stabilize, and we make 20-25 percent."
Blakelock said that the University is look-
ing into alternatives to the domestic stock mar-
ket, such as real estate, oil and gas, as well as
emerging market debt. She said last year was a
poor year for stock market returns.
Executive Vice President and Chief Finan-
cial Officer Farris W. Womack said, "In this
instance, we're not talking about investment in
businesses. What we're talking about here is
We are still in a
period of deploying our
assets in the global
- Farris Womack
chief financial officer
sovereign debt, and it is volatile. There is politi-
The University will be investing in the emerg-
ing countries through Grantham, Mayo, Van
Otterloo & Co., an investment management
Womack said the University has been mov-
ing toward a "global investment strategy" since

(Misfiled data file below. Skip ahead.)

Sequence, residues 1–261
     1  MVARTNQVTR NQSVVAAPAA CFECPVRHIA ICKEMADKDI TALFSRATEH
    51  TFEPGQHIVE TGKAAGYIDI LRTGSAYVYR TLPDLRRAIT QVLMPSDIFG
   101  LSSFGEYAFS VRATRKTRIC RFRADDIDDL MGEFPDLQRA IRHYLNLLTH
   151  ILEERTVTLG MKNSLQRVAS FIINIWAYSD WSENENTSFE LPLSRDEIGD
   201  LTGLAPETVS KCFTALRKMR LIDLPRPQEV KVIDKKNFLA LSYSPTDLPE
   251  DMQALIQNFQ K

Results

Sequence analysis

"We believe in asset allocation over a long
period of time," he said. "We are still in a period
of deploying our assets in the global market."
Regent Deane Baker (R-Ann Arbor) voted
against the investment. "I feel it should be a
smaller amount than $50 million," he said.
University Treasurer Norman Herbert said
$50 million was the recommended amount be-
cause, due to the size of the University's portfo-
lio, the investment must be large in order to gain
a significant profit.
Regent Philip Power (D-Ann Arbor) sup-
ported the initiative. "We're talking about in-
vesting in a class of investments, not just invest-
ing directly in Mexico."
A green thumb
Dianna Borel, an Ann Arbor resident, volunteers at the Kempf House to do
spring cleaning yard work Saturday. The Kempf House holds brown-bag;
lunches and seminars during the week.
Hillel marks 50th Holocaust memory
By Rachel Lawson
For the Daily
Fifty years ago, Allied troops lib-
erated the survivors of Nazi
*3ermany's death camps. In com-
memoration of the people who per-
ished in these camps, Hillel began its
16th Annual Conference on the Ho-
locaust last night.
Throughout the week, Hillel will
sponsor lectures, photographs, films,
music and panel discussions.
"People have to educate them-